Moved up closer to the spillway but didn't get anything so I moved down to a deep bend about 50 yards below the dam. As this was an impromptu adventure and I was in jeans and sneakers, I didn't want to wade and so was standing on the bank about 10 feet above the water making rollcasts at a rising fish with willows and scrubs right at my back. There was a small rising fish in this hole as I moved in, but I couldn't evoke a strike but I did move a big bruiser up from the bottom who followed the hopper for about 10 feet before refusing.

I may have to go back into this creek when I have a little more time..... and possibly a float tube. It is slow moving meandering creek, and looking at the maps at terraserver it looks like I could make a nice couple of mile float form the dam to a bridge down a ways. Looks like it could be fun, but with the spring creek like conditions could prove to be very tough fishing.

Wednesday, August 20, 2008

Big Fish Small Creek

I decided to finally put a fly fishing blog together detailing and documenting some of my outings. It is a work in progress and the format will be transitory until I get it nailed down.

It is hard to beat the fly fishing opportunities that the Gem State offers. Spent a few hours this afternoon on an alpine creek in South East Idaho. The creek is 12-15 feet wide in most places but still offers cutthroat of surprising size. In other similar creeks close to this the cuts average around 10 inches and a 12-13 inch fish is large. In the creek I spent the afternoon in a 12 inch trout is average, a 14-15 inch fish good, and 17 inch fish is a large fish.

I used to fish this creek fairly regularly, but it has been almost ten years since I last tromped up this trail. I had heard a few years back that a low water year had killed the fishery and since then I just never made time to return, instead fishing other small local creeks. My loss, the fishing is fantastic and this will return to the number 1 position in my list of fun creeks to toss hoppers on to wild native cutthroats in the late summer/early fall.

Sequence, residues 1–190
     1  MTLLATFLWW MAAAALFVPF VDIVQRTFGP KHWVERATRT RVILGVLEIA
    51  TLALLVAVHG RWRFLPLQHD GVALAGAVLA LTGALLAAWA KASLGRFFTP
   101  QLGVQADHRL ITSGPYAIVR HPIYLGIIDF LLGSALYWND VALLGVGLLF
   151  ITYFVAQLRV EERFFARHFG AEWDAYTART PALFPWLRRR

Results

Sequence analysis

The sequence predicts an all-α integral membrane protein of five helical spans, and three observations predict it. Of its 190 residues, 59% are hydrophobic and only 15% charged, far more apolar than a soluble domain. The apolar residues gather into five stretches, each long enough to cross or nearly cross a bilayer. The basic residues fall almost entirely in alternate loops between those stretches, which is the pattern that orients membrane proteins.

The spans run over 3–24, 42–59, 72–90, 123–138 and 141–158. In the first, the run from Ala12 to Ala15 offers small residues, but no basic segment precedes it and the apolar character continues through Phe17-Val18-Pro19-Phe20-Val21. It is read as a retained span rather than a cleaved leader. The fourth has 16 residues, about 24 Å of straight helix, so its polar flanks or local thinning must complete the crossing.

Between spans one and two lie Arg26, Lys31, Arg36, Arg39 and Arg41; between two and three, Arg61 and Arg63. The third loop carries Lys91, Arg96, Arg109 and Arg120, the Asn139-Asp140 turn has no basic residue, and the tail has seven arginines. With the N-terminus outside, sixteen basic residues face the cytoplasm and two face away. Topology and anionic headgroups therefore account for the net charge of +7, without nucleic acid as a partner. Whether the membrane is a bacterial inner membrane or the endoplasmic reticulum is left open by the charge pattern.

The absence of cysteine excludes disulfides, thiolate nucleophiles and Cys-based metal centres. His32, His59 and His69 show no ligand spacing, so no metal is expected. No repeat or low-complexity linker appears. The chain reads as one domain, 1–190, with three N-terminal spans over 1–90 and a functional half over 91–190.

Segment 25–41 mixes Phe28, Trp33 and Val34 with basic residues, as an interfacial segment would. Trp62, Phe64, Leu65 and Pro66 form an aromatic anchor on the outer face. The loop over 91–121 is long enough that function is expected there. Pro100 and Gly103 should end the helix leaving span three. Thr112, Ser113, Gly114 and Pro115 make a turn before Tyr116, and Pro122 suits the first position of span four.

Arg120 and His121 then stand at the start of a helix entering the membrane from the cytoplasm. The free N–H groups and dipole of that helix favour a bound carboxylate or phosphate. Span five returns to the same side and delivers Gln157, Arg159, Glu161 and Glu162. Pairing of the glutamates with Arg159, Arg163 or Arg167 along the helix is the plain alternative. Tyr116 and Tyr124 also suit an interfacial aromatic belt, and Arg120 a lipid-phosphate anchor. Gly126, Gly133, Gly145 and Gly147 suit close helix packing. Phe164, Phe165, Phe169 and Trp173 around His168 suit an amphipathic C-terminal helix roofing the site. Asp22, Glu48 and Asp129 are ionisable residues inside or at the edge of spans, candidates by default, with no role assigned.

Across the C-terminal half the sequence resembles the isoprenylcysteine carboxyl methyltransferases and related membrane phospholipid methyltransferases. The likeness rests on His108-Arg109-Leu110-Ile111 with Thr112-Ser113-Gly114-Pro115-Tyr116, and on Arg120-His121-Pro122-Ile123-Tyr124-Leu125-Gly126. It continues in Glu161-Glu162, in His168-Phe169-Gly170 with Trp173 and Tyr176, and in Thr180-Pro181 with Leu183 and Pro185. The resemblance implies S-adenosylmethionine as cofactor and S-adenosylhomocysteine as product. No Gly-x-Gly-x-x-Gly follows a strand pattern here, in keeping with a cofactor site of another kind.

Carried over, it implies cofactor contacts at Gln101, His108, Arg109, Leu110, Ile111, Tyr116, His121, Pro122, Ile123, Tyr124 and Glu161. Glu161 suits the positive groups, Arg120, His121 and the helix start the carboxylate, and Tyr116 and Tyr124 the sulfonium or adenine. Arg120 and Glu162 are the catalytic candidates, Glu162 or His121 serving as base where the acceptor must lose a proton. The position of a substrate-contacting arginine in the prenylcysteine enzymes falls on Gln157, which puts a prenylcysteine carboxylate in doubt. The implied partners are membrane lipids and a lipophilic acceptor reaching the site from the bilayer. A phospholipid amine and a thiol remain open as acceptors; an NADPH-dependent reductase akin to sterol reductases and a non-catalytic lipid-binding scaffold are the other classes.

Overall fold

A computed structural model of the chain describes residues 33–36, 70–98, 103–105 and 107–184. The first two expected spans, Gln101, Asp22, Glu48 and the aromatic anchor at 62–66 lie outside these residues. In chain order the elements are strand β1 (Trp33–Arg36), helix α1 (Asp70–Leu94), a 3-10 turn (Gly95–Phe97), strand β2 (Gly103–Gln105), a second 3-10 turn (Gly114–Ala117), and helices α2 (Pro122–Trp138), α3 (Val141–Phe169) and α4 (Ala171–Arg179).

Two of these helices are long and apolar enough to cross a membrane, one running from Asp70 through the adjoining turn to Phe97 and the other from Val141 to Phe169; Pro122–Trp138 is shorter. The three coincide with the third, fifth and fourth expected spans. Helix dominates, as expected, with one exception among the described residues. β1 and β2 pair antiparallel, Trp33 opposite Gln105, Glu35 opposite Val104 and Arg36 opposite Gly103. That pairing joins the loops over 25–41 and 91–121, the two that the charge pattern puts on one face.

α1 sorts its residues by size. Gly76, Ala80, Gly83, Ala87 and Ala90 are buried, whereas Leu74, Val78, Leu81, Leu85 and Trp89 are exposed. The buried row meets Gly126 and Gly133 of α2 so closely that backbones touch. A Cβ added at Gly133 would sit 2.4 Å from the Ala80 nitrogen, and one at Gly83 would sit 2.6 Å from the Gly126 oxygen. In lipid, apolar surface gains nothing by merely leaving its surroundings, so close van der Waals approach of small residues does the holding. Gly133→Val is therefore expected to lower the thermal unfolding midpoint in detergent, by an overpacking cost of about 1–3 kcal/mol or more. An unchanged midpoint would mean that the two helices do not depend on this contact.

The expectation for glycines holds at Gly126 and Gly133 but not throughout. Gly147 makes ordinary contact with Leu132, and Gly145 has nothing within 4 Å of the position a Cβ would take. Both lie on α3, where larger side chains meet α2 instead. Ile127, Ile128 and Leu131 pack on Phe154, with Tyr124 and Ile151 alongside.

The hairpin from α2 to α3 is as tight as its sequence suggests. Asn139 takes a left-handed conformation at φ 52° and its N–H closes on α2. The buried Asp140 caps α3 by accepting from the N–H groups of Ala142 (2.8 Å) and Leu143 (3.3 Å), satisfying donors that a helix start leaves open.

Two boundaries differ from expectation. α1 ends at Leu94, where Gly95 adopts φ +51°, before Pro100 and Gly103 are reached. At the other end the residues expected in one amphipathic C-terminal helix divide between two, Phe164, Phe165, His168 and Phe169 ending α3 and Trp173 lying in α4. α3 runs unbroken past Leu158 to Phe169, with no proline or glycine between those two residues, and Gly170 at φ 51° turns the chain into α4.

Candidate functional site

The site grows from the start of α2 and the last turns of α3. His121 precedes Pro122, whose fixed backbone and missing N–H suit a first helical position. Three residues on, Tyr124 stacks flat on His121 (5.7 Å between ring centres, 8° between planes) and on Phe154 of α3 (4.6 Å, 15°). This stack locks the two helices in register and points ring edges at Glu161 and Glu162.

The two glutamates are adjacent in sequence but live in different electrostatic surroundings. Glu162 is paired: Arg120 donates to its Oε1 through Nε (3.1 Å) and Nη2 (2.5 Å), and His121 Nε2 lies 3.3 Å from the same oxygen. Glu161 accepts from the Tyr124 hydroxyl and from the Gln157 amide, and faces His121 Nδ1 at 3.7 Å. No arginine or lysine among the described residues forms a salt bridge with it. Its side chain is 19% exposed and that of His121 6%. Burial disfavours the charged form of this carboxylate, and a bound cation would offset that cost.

The creek is a little remote and requires about a 20 minute drive on washboard covered dirt roads to get to the trailhead. There are wild raspberries hidden in the shady spots around the willows. The north facing slopes are carpeted with deep and dark growths of white pine mixed with the odd clump of aspen and the south facing slopes are covered sparsely with juniper which transitions into lodge-pole and douglas at higher elevations.

A thick growth of willows surrounds the creek and the meadows are full of wildflowers and sage. As you walk the trail up the canyon clouds of large hoppers with light cream yellow bellies take flight.

The cutthroats were hungry and a well slapped hopper pattern produced hits on almost every drift. In one deep spot under an overhanging willow, the first drift produced two fat fish knocking each other askew. The second drift resulted in the larger of the fighting pair and the third drift produced the other brawler.

These fish give you 2-3 tries max, rising and nibbling on your fly before they refuse to rise. So if you miss in the first two strikes, well you are best advised to move onto the next hole. They have a habit of grabbing hoppers by the legs and slowly rolling them under, a mannerism that is tough on rubber legs. and as the wriggly legged flies outfish the no legged flies it is best to have a good supply of hoppers in you arsenal.

Three hours of fishing produced almost 20 fish. The majority in the 12-13 inch range but 4 or 5 went 15 inches or better. All but one were hooked on a hopper pattern. The exception was hiding in a deep and tricky lie at the base of a tree. He came up 3 or 4 times and looked at my hopper but I could never quite get him to bite so I tied a wet fly on the bend of the hoppers hook and drifted through a few more times till he took the wet fly.

As the creek is remote but still gets a fair amount of pressure it will remain nameless. Those who are familiar with the area already know where it is, and those who don't well they can try to wheedle it out of me.